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History of Morihei Ueshiba's Aikido

Morihei Ueshiba, born outside Osaka, Japan in 1883, travelled to Tokyo in his late teens to seek martial arts training.

Aikido was founded by master Morihei Ueshiba who lived to be 86 years old. Born outside Osaka, Japan in 1883, Ueshiba travelled to Tokyo in his late teens to seek martial arts training. Although he investigated many systems he concentrated on Yagyu Shinkage Ryu (kenjutsu), the Hozoin Spear Style (sojutso) and Tenji Shinyo Ryu (jujutsu). Each practice emphasizes a spiritually and physically healthy body. 

Ueshiba served in the army during the Japanese-Russo War. When the war ended in 1904, he was discharged back into civilian life. He then travelled to Hokkaido, Japan, where he witnessed the practice of Daito Ryu Aiki-Jutsu. The classes he observed were taught by Sokaku Tekeda. 

He was so impressed with the power of Aiki-Jutsu he obtained a license to teach the Daito Ryu System. 

Ueshiba practiced Daito Ryu, Kenjutsu and Sojutsu for more than a decade in Hokkaido, before leaving to visit his ailing father. While traveling to his father's home he met OniSaburo Deguichi, leader of the Omotokyo religion. Omotokyo or Oomoto, was a form of Shintoism. Having been raised in a environment of strict discipline and religious training, Ueshiba was attracted to Deguichi's teachings. He soon became one of the Deguichi's disciples.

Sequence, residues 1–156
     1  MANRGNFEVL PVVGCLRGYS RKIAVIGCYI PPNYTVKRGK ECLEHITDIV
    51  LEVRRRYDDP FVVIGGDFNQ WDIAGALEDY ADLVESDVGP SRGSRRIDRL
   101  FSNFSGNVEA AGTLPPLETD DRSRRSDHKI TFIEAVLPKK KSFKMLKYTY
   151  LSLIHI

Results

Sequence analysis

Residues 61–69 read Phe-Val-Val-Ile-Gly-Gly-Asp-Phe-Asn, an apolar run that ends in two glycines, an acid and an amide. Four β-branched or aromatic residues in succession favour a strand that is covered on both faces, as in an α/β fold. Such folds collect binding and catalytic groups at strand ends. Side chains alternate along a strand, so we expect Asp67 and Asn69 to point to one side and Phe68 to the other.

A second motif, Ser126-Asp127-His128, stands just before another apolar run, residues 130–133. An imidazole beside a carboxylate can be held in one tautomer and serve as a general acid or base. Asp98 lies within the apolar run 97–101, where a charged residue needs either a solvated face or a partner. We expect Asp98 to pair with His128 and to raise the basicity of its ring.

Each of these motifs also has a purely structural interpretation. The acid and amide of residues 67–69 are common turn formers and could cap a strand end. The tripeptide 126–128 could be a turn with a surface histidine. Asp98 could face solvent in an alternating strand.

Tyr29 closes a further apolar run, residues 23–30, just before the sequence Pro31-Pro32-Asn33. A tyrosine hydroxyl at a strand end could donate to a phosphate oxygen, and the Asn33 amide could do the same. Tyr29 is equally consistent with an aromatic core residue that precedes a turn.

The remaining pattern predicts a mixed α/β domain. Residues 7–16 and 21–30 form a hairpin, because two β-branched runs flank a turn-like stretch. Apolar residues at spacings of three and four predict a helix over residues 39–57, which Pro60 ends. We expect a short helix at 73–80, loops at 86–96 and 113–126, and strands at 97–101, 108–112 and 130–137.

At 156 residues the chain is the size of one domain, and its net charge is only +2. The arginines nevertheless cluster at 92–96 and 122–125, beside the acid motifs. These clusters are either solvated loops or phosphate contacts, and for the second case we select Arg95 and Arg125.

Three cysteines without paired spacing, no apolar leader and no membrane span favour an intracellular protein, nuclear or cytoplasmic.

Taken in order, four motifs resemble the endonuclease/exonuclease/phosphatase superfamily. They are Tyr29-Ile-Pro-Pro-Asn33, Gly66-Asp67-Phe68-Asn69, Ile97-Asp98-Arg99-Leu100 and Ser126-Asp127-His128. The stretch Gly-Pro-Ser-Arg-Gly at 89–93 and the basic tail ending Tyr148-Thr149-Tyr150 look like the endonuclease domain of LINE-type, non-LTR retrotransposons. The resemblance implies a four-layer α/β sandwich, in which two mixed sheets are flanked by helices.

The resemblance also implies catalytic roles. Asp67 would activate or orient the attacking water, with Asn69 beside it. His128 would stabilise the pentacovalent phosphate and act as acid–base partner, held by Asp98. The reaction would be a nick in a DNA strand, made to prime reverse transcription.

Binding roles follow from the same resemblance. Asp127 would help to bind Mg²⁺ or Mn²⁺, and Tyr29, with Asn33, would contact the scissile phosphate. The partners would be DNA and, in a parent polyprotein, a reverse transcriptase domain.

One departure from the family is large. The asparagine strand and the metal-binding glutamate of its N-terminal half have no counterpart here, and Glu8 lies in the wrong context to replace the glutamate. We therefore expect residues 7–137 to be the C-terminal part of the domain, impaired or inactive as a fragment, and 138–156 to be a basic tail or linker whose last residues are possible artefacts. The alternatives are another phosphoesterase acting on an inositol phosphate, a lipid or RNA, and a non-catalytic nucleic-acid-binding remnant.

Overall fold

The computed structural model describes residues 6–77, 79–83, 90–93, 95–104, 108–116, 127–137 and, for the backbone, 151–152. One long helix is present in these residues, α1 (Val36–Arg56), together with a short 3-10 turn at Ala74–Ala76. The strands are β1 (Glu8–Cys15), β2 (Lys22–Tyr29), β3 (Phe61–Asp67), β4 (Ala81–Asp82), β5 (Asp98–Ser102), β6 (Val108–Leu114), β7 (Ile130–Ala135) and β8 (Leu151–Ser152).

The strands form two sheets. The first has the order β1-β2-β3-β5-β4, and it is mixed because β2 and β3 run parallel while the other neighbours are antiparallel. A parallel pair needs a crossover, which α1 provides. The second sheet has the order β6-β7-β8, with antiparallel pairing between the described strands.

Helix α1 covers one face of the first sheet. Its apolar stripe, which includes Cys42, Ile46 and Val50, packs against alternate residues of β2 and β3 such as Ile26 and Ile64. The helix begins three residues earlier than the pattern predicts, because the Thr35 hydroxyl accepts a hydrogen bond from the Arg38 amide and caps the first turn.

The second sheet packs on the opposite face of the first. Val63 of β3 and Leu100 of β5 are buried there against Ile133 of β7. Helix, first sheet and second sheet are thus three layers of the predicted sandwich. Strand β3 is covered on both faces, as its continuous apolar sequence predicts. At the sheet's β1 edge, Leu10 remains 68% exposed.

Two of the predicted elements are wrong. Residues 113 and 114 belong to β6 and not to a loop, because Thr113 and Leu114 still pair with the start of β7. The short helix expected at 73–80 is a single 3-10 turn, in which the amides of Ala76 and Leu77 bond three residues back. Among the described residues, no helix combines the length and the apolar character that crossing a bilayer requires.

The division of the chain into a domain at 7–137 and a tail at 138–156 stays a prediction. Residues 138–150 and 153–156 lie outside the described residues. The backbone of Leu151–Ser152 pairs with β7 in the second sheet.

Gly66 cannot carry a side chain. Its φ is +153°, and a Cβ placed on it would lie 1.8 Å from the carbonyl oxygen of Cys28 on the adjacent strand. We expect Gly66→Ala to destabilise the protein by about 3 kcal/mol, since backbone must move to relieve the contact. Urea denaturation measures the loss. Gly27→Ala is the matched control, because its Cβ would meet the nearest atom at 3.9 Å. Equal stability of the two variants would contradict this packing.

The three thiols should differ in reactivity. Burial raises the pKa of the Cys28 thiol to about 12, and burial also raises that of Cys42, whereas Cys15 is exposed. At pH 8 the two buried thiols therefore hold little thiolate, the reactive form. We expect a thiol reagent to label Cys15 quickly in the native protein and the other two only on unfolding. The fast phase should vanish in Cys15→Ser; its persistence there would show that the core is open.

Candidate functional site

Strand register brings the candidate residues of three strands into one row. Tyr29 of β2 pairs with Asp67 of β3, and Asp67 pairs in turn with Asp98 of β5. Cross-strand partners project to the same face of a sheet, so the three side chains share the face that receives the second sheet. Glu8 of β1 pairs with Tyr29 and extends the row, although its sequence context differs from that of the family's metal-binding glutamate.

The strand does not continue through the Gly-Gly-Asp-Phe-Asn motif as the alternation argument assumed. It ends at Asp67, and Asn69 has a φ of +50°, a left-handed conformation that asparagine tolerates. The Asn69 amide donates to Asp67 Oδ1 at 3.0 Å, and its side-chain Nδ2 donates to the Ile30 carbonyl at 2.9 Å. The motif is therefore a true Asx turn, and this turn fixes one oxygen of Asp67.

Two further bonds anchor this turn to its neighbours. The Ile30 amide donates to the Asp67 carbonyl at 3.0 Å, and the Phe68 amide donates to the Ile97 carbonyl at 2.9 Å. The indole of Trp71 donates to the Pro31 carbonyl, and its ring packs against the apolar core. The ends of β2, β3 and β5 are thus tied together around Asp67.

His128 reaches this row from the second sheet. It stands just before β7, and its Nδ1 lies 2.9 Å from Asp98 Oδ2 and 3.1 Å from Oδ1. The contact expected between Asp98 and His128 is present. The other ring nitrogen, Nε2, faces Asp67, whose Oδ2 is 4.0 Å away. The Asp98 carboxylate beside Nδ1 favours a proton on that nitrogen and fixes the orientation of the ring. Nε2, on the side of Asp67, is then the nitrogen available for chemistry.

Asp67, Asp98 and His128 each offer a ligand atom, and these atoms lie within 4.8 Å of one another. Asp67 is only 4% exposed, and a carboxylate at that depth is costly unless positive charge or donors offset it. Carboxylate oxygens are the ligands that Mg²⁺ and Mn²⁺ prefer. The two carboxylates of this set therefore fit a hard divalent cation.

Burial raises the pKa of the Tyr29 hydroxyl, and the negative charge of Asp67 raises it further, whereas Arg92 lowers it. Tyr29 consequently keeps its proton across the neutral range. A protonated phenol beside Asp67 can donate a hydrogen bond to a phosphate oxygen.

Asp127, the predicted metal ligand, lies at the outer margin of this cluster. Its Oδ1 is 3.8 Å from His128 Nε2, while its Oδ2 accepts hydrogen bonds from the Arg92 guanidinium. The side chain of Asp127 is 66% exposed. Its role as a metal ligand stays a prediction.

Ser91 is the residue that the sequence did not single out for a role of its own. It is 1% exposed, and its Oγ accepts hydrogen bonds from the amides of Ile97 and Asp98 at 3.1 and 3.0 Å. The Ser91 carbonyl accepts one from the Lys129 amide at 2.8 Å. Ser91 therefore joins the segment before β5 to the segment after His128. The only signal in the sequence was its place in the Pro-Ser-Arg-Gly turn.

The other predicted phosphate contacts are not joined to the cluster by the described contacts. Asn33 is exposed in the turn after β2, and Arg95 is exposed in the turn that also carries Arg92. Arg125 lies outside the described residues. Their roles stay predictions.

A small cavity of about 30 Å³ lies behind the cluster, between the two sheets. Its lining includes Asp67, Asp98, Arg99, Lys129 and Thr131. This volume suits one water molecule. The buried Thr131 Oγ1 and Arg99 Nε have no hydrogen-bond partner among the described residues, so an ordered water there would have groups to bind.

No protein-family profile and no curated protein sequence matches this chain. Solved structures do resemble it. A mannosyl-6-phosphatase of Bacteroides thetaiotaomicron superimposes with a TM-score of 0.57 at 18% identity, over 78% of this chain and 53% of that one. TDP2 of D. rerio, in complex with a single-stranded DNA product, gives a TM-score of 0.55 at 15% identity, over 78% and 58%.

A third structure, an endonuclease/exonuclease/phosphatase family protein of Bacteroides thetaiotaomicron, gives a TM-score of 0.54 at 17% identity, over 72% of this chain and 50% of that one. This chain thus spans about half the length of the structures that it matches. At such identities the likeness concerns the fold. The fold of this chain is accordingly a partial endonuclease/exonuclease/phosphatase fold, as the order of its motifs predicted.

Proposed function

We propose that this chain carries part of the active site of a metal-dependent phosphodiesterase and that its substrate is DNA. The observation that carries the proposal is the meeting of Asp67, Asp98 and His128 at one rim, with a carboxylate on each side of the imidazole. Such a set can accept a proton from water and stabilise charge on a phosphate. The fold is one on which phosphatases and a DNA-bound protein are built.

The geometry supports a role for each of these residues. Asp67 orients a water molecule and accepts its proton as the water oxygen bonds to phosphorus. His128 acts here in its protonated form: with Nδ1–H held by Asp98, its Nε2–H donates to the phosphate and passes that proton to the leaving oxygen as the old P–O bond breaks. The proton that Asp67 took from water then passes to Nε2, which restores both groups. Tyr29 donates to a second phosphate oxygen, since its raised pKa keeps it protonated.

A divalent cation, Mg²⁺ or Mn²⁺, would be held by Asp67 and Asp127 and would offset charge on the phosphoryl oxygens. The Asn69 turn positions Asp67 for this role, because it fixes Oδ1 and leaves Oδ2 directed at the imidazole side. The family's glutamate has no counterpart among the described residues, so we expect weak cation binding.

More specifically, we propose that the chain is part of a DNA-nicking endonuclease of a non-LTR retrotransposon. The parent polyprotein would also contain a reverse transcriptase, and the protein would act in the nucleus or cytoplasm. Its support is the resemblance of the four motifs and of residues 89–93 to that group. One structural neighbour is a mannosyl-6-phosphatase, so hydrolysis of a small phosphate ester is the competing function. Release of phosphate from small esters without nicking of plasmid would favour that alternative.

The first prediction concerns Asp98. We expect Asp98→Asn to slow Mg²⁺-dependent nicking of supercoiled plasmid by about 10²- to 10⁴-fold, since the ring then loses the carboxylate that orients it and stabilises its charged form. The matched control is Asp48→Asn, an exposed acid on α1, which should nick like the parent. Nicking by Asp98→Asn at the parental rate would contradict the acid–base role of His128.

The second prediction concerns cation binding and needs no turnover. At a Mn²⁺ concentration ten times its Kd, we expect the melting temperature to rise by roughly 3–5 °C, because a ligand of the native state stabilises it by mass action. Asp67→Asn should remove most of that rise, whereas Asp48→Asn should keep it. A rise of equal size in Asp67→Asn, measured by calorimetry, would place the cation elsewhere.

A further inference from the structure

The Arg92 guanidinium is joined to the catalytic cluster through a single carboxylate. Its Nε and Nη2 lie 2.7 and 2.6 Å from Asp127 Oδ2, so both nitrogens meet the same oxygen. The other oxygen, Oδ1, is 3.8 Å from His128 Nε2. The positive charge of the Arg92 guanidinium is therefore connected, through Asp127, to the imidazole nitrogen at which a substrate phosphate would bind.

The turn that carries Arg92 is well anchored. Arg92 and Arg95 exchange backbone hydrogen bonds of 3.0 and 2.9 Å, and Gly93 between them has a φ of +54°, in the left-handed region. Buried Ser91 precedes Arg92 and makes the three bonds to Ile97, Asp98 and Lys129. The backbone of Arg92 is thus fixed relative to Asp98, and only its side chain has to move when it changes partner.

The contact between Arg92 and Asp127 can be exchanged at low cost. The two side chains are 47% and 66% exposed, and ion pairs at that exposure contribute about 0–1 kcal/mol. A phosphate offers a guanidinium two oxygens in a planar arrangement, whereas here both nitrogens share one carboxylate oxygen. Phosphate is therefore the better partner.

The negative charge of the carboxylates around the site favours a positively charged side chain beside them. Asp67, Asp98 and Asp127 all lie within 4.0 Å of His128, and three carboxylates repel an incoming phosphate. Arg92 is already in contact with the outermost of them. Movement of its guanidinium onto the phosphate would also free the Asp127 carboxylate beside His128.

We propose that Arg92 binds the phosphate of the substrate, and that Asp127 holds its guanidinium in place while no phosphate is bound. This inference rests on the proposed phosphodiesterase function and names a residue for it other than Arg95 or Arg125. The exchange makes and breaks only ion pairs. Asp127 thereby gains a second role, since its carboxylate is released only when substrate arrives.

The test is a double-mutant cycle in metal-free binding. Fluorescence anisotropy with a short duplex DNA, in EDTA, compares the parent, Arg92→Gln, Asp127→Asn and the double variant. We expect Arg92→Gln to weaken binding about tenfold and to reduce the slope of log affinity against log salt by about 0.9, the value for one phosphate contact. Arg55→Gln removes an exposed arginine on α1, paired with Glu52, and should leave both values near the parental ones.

Ueshibahad Sought to Unite His Spiritual Beliefs with His Budo Prowess

Throughout his life, Ueshibahad sought to unite his spiritual beliefs with his martial arts training. The combination of his Budo prowess, his insight, and his deep spirituality led him to the revelation.

"The Source of Budo is God's love, the spirit of loving protection for all beings. True Budo is to accept the spirit of the universe, to keep the peace of world, and to correctly produce, protect, and cultivate all beings in nature."

Morihei Ueshiba realized that the truly critical struggle in man was not physical combat, but rather one's internal confrontation with the forces that lead the person out of harmony with the spirit of the universe. Aiki-Jutsu is a very effective system that employs jointlocks, throws, punches and kicks. 

Morihei Ueshiba Realized that the Truly Critical Struggle Was with the Forces that Lead the Person Out of Harmony